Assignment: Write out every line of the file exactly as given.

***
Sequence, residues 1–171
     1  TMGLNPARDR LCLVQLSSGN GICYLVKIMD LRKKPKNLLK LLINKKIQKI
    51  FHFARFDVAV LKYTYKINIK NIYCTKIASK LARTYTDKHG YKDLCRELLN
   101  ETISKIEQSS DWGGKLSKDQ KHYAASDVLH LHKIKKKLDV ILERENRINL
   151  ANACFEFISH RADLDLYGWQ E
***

Sequence, residues 1–171
     1  TMGLNPARDR LCLVQLSSGN GICYLVKIMD LRKKPKNLLK LLINKKIQKI
    51  FHFARFDVAV LKYTYKINIK NIYCTKIASK LARTYTDKHG YKDLCRELLN
   101  ETISKIEQSS DWGGKLSKDQ KHYAASDVLH LHKIKKKLDV ILERENRINL
   151  ANACFEFISH RADLDLYGWQ E